The Nature of Suffering

The Nature of Suffering

Michael Jackson’s surprising death reminded me, as death does, that life is short so we need to make the most of it. He certainly did! Wasn’t it amazing to see all those clips of his life and to see his spirit infused into his work and his art with as much of his heart as talent? Yes, Michael had some things that haunted him. We all do. In this newsletter I will share a paper I wrote a year after the death of my husband in 1998. He died from lung cancer. It was a very difficult and painful time but also a time that brought the meaning of my life into greater focus.

The Nature of Suffering

I have experienced suffering as have most people, so it is only from my experience and nature that I can describe and relate to it. When I talk about it with my daughter or friends, I am even more aware how personal and unique it is. There are aspects of it, though, that are trans personal, like archetypes, a common human experience. Coming upon the completion of the first year of my husband’s death seems a time to reflect on this quality of humanness with some hope that there is purpose and meaning to it as there is to most emotion.

In our Christmas letter this year I reflected that it seemed pain and suffering did prepare us and allowed us to be willing to let go of Chuck, even though our hearts were still hanging on. Suffering can be on so many levels but mostly it means to me that I am disconnected from the nature of my soul. My first thoughts about it were that it meant losing someone you love . . . like my true love . . . or losing a special friend, or job, or thing that can’t be replaced. It seemed to be about what we are attached to. Then, I thought about suffering with Chuck and my daughter at times . . . hurting with their hurts physically and emotionally. I thought about my physical pains and health challenges that require attention at times and suffering. Suffering with loneliness, worry, defeat, sadness, and weariness. Suffering from an emptiness at times that could seemingly engulf me and then suffering because it doesn’t and I am still here to face this life that brings suffering.

I have worked with my dreams for over ten years and this past year my Jungian therapist said something that especially caught my attention. He reflected that the dream life often connects with the numinous. It is that glimpse into our soul that provides the perspective of what we are cut off from. I think that is what brings suffering . . . being cut off consciously from our soul. The other side of that is union with our soul is where we find meaning and joy. Union with our soul is what love seems to reflect. Relationships often allow us to experience a connection to the Self or our soul. We may project it on to the person of our affection and say they bring us love but really it is the relationship that awakens love in us. The dreams and goals we pursue, I have come to believe, are our soul calling us deeper and more intimately into our whole Self. These dreams and goals bring us into roles that foster our contact with more sides of our self and realization of our soul’s expression. A good example is my mother-daughter relationship. It brings me into the mother archetype and the capacity to experience love that only Mothers can know. But, it also touches a place in the numinous that reflects the nature of creation. I have experienced it through my body during pregnancy and in bringing forth of life. I continue to experience more aspects of motherhood as my nurturing supports my child’s growth and development. I appreciate that this archetypal role serves to heighten an awareness of a mystery and wonder that is greater and more meaningful than myself.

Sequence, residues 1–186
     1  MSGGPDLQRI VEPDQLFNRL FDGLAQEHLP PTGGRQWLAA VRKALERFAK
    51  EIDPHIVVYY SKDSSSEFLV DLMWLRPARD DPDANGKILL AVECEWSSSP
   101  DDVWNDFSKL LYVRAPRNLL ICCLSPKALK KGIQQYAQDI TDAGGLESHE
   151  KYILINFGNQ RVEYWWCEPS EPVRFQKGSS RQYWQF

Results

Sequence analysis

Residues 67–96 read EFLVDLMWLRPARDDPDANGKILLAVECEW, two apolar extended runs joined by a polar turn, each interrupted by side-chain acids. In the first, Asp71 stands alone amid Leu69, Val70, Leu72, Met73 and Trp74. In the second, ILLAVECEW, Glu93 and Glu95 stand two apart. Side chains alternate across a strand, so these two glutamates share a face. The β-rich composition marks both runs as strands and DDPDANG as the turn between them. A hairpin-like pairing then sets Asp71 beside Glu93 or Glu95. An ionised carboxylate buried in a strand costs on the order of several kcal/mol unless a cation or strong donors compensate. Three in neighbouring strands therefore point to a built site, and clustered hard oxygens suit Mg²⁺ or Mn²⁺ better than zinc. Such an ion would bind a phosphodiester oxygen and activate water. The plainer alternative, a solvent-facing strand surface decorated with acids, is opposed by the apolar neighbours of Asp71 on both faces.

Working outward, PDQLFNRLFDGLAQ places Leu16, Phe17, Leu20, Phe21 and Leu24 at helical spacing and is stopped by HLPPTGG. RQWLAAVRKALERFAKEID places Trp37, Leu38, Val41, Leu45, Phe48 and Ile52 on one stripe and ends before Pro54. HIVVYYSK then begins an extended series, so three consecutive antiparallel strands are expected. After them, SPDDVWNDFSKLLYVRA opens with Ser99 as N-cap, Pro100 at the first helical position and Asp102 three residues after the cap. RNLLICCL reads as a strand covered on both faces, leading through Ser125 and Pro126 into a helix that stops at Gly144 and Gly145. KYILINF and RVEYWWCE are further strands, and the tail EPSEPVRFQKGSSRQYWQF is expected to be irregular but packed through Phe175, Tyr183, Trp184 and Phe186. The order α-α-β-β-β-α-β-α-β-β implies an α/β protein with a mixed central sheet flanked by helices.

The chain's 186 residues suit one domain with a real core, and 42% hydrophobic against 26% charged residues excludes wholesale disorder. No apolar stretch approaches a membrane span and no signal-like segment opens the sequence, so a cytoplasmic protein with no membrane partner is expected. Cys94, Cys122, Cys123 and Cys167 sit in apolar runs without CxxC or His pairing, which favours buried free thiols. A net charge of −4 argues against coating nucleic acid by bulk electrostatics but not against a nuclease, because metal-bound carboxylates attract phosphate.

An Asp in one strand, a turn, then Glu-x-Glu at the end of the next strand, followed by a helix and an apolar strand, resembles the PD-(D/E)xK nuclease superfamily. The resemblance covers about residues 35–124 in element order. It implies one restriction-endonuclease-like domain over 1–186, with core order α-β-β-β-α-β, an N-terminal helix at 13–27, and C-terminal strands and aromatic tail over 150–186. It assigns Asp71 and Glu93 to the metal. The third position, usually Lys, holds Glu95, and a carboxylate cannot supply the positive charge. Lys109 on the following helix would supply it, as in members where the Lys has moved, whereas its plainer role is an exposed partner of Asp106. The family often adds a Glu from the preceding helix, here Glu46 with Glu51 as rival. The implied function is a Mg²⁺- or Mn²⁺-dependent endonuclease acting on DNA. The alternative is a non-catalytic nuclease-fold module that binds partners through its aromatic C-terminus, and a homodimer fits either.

Suffering is not being one with this mystery and feeling the absence and loss of its presence and potential. I have felt this mystery in my relationships but have suffered when I have lost them. I have felt suffering with my body, with physical pain, with loss of vitality and disease. For me, however, it is the suffering that continues to motivate me to search for the meaning that exists even in the pain. My soul is not satisfied with the state of suffering, I must seek meaning or greater purpose in the feelings and somehow I know and have experienced the transformation that comes through the not denying and even accepting the state of suffering. As this capacity for acceptance grows there is room for forgiveness, compassion, humility, and a growing ability to receive from others and from God. It seems a paradox that with acknowledgement, experience and acceptance of most feelings there is then the release from their hold and an ability to move on in the process we call Life.

I have extensive professional and personal experience in death and dying so feel free to contact me if you need support in this area. Michael Jackson’s death, like the death of a loved one, may trigger feelings of past losses. Support is available so reach out.

Childs Art
A picture my daughter drew of herself at 6 years old, one year after her father’s death.

This entry was posted in Consciousnes, Depression, Newsletter, Spirituality, Suffering and tagged . Bookmark the permalink.

Comments are closed.